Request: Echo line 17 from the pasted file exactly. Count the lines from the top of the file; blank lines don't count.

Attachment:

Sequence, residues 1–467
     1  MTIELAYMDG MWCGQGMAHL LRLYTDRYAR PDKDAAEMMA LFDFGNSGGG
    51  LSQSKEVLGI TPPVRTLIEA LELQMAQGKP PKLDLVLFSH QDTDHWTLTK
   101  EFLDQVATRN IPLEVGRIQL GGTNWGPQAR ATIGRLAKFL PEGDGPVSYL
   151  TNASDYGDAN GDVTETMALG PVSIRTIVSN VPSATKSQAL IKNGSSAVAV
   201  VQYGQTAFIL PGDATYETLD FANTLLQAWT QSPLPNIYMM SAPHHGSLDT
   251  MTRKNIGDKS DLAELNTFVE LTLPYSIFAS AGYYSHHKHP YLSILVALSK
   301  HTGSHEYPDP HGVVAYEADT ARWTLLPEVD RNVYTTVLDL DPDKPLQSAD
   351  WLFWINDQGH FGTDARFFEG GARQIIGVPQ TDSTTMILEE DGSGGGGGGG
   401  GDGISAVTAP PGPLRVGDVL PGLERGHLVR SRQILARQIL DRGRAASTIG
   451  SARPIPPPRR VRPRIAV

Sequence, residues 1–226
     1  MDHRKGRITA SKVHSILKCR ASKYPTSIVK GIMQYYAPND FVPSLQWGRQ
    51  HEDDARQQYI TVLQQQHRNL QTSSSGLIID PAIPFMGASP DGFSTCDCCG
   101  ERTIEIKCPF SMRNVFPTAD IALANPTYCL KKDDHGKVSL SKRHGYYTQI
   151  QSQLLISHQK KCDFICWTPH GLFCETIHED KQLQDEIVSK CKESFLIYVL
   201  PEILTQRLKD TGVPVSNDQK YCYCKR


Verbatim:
   201  PEILTQRLKD TGVPVSNDQK YCYCKR